Flynas to train Saudi women as pilots and flight attendants

Flynas will hire Saudi women as co-pilots soon. (flynas)
Updated 12 September 2018

Flynas to train Saudi women as pilots and flight attendants

  • The low-cost carrier said it will be the first airline in Saudi Arabia to make the move

JEDDAH: Low cost Saudi Arabian airline Flynas announced on Wednesday that they will begin taking applications from Saudi women to train on programs for “Future Pilots” and flight attendants.

The company aims to recruit 200 Saudi male and female co-pilots over the next five years, the carrier confirmed to Arab News, with plans to attract about 300 Saudi male and female flight attendants in the next two years. 

The statement said that Flynas will ensure that the working hours system and the uniforms for their Saudi female flight attendants respect the local customs and traditions in the Kingdom. 

Applicants must be Saudi nationals and should meet international height and weight standards and be fluent in English. 

Applicants should be between 22 and 30 years old with at least a secondary education certificate. More information is available online on the company’s website.

Formula E at Ad Diriyah: An experience of a lifetime

A huge crowd gathers in Ad Diriyah village to enjoy the biggest festival of Formula-E racing action on Thursday. (Photo/Social media)
Updated 14 December 2018

Formula E at Ad Diriyah: An experience of a lifetime

  • The 2018 Ad Diriyah E-Prix gets off to a thrilling start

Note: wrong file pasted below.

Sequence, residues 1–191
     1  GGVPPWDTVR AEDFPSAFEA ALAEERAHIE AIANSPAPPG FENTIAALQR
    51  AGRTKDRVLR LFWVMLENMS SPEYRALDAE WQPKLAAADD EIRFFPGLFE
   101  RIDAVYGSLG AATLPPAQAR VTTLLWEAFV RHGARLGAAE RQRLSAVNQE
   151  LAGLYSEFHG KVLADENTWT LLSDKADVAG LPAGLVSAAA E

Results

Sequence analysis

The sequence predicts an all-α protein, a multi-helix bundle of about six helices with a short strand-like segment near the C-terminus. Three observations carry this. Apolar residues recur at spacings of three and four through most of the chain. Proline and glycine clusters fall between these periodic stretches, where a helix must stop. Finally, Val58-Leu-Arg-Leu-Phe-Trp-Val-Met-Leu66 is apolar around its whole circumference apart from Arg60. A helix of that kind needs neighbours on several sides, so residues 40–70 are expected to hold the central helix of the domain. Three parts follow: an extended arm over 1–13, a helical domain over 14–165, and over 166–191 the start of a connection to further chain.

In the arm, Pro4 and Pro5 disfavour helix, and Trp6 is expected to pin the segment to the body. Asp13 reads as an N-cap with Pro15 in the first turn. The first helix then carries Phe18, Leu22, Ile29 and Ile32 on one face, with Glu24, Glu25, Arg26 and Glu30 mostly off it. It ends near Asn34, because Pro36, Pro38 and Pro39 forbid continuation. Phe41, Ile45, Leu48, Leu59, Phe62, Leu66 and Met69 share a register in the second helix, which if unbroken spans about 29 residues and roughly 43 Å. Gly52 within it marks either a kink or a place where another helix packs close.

RIYADH: All the hype surrounding Formula E sent a wave of excitement through the streets that you could sense as you approached the Allianz E-Village, an electronic village with reality toys galore that will take you to the another world. Thrilled visitors who had come early had the advantage of avoiding the crowds and the busy queues as they paced their way through the village.
The Formula E-Prix took up the whole of Ad Diriyah, a family zone and cultural village. The best way to move around was by one of the many buses that transports visitors to the security checks.
On the ride to the cultural village at dusk you could see the place all lit up with twinkling fairy lights. It was magical and beautiful. One person on the bus gushed at the beauty of it, the mixing of the old and the new, the cultural and the technological.
“In my day everything was open; we had cinemas and foreigners walked around without abayas. This reminds me of the old days. I’m very happy that we have this again. This is normal life. It’s nice to go back to that,” Um Faisal, a Saudi citizen said from the crowd.
People were dancing in the crowds singing to the lyrics, and once the DJ stopped the music you could hear the crowds scream with excitement.
“This is ridiculous!” was overheard from one concert-goer who was watching the show. The huge crowd was jumping up and down to the beat. There were no limits to age, gender or race; everyone participated.
First-time concert-goer Yara Saud, an 18-year-old college student, had been waiting for this event since it was announced. Being a huge fan of Jason Derulo, she said: “I can’t believe that I’m attending my favorite artist’s concert in my home town. This is Crazy!”
“Saudi whassap. This is a dream come true for me! Since we are in Saudi Arabia I want to do things a little different,” said Jason Derulo.
As a special treat for his Saudi audience he gave the first performance of a new song, stating on the stage that his mother taught him to never visit empty handed: This was his gift to Saudi Arabia.
It was truly a night to remember as for the first time in Saudi Arabia we could witness the people of Saudi mingling, dancing, singing and enjoying themselves in a huge outdoor area.